If you wanted to – that is to say, if there was something wrong with you – you could find a Christmas themed movie to watch every day of Advent. Each day you would open up a sickly sweet gooey gob of sentimentality (with the occasionally bitterly cynical nugget thrown in) and, depending on your nature, would either sneer in derision or sit, sniffling great snorting snotty tears. Most Christmas movies, as you can tell from my analysis, suck.
There are gems of course – often bittersweet pieces about personal redemption that may or may not require angelic or ghostly intervention, but generally can be watched as a life lesson about family, community and the role of good people in making the world a better place. White Christmas, for example, is completely without any kind of mysticism but is thoroughly uplifting – and a lot of fun, too. Its central theme is loyalty, between friends but on a larger stage as well.
On a more serious note, there is “It’s a Wonderful Life,” the story of Harry Bailey and his struggle to support his family and make his community a better place. In this he faces the grasping banker, Potter, the very stereotype of the evil capitalist. One might think that Frank Capra, who directed it was some sort of socialist, but you would be wrong. Capra was a lifelong Republican who strongly opposed The New Deal and believed deeply in the American Dream. In fact, most of his movies were about how that dream had been suffocated by corrupt governments and evil rich people. As a conservative, Capra recognized that the American way of life depended on people being able to get ahead and that anything that prevented that – like excessive income inequality and monopoly capitalism – was a blight on the landscape. It’s a Wonderful Life is a paean to American capitalism – writ small – rather than a criticism of it.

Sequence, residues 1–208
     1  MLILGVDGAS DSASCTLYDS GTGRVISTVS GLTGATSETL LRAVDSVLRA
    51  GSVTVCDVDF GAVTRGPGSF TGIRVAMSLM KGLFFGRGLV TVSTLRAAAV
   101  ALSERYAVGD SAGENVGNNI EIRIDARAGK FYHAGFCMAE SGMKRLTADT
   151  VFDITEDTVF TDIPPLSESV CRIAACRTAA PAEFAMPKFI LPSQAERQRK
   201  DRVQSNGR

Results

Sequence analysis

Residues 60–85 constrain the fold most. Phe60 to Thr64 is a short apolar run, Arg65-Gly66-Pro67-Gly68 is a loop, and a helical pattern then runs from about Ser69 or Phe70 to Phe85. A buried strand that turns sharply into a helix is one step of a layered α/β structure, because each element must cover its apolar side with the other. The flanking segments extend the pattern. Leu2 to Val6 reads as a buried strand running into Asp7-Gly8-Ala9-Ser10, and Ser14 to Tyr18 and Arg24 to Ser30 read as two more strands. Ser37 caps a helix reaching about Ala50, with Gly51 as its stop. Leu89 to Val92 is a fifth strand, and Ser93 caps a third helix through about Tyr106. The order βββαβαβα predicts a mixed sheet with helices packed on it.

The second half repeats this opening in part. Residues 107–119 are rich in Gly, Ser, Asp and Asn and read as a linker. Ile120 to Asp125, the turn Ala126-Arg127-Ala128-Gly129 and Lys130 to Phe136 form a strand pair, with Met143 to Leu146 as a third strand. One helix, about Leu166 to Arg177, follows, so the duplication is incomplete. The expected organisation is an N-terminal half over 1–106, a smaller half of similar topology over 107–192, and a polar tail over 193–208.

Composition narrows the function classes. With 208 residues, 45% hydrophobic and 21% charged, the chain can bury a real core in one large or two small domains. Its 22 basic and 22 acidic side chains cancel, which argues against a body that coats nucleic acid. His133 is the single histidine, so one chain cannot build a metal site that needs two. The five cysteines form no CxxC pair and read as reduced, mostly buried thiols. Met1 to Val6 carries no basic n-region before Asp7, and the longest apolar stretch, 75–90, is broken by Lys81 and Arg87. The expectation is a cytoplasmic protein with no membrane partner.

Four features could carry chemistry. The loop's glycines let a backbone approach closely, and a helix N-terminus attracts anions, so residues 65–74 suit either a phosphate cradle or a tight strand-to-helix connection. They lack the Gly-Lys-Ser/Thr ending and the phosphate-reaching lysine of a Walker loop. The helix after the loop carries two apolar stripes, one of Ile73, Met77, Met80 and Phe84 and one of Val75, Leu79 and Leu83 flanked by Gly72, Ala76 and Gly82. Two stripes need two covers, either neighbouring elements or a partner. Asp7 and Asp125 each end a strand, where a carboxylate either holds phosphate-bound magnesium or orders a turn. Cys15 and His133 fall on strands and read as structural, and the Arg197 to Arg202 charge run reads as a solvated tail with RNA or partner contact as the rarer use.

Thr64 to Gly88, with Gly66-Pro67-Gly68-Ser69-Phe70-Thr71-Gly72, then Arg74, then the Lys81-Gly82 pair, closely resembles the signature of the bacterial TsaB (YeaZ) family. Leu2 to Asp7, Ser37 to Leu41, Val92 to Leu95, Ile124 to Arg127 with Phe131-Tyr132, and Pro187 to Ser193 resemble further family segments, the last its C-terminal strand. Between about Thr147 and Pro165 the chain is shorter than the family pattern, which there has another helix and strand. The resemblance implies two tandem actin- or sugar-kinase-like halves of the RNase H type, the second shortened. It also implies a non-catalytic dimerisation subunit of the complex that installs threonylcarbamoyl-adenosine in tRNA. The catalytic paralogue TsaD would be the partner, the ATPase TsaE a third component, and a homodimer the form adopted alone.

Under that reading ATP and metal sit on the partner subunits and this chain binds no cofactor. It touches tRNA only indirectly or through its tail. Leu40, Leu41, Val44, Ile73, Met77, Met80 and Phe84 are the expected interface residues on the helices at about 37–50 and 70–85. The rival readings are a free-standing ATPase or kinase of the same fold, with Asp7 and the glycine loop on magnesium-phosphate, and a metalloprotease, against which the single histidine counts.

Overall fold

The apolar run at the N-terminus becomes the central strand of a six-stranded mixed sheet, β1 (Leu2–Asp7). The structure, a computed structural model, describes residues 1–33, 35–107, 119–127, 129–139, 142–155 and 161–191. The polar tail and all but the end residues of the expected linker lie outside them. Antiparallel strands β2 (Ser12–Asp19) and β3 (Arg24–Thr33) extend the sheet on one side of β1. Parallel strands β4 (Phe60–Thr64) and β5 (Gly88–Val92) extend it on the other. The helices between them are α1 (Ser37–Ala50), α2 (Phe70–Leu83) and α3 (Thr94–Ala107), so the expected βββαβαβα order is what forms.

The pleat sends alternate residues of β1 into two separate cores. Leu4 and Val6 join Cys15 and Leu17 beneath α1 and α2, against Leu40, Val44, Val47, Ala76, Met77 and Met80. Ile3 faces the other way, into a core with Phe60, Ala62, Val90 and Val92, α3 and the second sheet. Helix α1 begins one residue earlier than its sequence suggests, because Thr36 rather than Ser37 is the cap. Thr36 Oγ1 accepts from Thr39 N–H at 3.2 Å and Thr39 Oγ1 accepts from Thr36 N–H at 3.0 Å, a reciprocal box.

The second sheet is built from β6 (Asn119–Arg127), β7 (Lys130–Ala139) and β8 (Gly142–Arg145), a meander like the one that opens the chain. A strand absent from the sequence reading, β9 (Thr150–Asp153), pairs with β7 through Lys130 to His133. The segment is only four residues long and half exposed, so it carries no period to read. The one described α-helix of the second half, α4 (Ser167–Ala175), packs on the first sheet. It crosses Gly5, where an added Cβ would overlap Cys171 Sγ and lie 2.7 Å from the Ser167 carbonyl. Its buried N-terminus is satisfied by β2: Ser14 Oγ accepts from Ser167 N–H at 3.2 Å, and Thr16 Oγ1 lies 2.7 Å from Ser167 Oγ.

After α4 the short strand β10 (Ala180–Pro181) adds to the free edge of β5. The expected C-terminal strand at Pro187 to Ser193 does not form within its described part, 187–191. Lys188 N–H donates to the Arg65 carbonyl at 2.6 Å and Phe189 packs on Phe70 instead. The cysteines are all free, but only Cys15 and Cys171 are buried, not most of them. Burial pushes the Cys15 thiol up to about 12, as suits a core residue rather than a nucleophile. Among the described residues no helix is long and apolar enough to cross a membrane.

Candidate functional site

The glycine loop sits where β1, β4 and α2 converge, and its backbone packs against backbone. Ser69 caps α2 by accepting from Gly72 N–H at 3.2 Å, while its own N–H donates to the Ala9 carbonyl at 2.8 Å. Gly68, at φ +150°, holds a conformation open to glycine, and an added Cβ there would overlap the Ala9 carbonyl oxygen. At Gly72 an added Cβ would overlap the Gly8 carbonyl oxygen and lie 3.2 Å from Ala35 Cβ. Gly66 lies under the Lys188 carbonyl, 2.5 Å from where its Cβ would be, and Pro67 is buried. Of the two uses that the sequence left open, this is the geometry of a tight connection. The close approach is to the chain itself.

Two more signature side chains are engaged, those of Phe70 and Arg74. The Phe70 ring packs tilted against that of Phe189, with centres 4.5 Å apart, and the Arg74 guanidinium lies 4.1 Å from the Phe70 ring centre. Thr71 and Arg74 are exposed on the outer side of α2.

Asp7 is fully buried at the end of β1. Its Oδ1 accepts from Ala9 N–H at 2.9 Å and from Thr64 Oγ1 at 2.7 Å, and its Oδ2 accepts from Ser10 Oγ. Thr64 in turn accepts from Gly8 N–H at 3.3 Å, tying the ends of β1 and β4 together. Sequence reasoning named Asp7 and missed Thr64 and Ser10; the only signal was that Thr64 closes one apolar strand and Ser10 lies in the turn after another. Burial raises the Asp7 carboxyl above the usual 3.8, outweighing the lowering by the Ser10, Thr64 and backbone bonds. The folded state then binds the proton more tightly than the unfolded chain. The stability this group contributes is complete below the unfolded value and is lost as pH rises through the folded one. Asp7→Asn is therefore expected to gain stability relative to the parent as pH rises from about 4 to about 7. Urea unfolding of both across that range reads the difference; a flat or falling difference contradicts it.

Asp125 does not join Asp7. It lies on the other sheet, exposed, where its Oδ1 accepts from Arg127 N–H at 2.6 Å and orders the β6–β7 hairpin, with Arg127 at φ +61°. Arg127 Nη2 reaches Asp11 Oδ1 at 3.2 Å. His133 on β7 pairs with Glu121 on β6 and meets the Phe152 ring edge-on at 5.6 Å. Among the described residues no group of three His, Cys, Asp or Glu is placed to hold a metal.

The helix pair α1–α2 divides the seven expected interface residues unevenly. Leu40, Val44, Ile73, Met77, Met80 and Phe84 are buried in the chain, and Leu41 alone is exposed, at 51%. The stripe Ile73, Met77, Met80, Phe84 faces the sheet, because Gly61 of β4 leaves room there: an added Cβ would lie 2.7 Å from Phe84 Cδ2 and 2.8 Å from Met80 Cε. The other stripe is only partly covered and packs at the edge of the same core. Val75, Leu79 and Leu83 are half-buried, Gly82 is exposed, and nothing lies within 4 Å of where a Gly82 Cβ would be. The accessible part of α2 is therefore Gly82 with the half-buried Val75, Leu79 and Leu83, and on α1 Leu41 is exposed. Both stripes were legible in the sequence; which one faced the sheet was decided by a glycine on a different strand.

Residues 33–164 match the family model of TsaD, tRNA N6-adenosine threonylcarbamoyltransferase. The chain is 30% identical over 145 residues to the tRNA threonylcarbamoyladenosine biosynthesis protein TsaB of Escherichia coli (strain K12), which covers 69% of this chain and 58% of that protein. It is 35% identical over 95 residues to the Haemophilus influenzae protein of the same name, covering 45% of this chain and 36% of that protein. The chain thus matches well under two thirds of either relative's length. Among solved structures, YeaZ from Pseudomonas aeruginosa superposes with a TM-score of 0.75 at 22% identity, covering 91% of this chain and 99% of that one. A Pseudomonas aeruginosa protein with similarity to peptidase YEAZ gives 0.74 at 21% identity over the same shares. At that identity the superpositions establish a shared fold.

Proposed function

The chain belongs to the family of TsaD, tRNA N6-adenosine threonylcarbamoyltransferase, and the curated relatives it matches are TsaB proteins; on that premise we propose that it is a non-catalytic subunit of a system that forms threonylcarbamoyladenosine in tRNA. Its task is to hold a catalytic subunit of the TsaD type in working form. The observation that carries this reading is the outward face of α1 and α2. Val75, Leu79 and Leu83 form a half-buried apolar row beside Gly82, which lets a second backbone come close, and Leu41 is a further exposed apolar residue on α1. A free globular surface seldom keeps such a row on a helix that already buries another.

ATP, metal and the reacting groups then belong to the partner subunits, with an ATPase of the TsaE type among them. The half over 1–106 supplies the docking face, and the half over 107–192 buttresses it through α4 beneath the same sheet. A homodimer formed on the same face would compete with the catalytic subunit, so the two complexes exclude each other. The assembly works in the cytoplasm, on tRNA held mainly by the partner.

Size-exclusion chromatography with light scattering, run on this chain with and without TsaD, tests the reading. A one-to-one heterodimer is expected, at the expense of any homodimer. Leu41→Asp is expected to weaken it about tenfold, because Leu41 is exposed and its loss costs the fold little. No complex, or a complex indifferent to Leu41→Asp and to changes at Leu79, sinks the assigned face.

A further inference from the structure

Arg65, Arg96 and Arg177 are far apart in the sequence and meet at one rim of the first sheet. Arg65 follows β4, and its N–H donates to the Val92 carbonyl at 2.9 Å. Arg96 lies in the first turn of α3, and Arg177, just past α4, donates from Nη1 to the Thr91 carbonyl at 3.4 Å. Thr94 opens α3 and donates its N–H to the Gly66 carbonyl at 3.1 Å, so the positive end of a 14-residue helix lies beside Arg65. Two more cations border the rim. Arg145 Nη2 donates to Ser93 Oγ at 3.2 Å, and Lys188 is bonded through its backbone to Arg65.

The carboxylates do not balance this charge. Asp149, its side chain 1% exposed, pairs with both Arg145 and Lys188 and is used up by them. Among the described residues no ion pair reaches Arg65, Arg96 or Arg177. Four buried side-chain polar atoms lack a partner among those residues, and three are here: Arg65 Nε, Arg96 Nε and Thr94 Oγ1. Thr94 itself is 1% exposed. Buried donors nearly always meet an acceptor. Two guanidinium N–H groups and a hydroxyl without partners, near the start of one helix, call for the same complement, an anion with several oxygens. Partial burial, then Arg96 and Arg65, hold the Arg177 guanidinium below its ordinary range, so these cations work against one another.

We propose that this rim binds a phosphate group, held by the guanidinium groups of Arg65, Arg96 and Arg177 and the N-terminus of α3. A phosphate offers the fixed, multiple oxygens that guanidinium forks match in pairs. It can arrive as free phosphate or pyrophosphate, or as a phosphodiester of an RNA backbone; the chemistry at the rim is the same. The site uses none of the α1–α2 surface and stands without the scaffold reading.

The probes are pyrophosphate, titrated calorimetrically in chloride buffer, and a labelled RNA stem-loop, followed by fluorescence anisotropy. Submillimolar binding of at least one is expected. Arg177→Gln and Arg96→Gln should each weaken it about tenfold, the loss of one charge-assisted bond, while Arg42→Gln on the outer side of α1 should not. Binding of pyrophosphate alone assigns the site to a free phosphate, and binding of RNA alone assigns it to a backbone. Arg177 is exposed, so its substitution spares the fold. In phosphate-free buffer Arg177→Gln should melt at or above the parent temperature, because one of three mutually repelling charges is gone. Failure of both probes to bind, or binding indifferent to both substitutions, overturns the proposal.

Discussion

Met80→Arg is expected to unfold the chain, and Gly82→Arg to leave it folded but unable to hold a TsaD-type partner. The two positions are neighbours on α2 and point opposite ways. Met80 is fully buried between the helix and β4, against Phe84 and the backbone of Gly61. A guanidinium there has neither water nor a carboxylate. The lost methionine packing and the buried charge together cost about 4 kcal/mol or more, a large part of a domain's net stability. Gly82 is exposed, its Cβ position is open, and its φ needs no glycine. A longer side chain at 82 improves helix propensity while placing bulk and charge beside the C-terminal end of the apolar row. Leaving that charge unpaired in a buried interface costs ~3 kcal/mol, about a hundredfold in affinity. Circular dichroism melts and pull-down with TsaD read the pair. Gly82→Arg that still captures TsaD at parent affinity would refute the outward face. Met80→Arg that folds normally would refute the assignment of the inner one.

A Christmas Carol – perhaps the most produced Christmas story ever with everything from serious renditions with Alistair Sims or Patrick Stewart to more frivolous examples like the Muppets or Scrooged with Bill Murray – is a slightly different kettle of fish. Dickens, while not much of a human being at a personal level, was a great reformer, viewing the excesses of the industrial revolution and the rising power of individual wealth as a danger not simply to society but to our humanity. He struggled in his writing and his personal campaigns to uncover the worst excesses of capitalism in early nineteenth century England. It is notable that Dickens relies on ghosts rather than angels to do his dirty work; he had a certain skepticism regarding the role of the Church – especially the high Anglican one – to actually make things better.
Rather, Scrooge is visited by three ghosts who are given the task of giving him three basic lessons, which can be simply stated as these:
- No man is an island – everyone owes their wellbeing to those who went before and those who helped them; before anything, we are part of a community.
- Hoarded money does no-one any good, not even the hoarder; we are all human and misery is ultimately shared, as is joy.
- Money will not buy you happiness or a way into heaven and, if you are foolish about it, will not even buy you comfort or pleasure.
So there you have it. Christmas in a nutshell, whether you are a conservative or a progressive. Community, sharing and a beautiful dream.
And that’s ten minutes.